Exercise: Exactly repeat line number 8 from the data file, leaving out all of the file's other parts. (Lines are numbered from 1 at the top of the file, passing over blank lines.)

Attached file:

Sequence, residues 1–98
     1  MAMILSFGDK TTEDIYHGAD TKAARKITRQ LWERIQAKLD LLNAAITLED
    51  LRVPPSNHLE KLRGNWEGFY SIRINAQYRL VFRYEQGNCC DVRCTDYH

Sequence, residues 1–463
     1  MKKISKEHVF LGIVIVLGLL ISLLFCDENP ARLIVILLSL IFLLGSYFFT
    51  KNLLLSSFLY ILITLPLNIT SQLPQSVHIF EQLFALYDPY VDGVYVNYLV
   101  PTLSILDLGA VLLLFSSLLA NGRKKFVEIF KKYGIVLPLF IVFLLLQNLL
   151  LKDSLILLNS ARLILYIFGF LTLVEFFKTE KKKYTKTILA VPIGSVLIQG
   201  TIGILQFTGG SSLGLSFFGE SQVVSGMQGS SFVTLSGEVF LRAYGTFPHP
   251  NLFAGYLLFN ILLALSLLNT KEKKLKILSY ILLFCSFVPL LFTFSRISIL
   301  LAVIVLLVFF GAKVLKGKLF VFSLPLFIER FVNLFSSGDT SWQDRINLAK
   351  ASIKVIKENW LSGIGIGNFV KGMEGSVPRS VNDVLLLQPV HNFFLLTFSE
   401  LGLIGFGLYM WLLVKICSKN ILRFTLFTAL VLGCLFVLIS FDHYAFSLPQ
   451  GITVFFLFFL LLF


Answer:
   151  LKDSLILLNS ARLILYIFGF LTLVEFFKTE KKKYTKTILA VPIGSVLIQG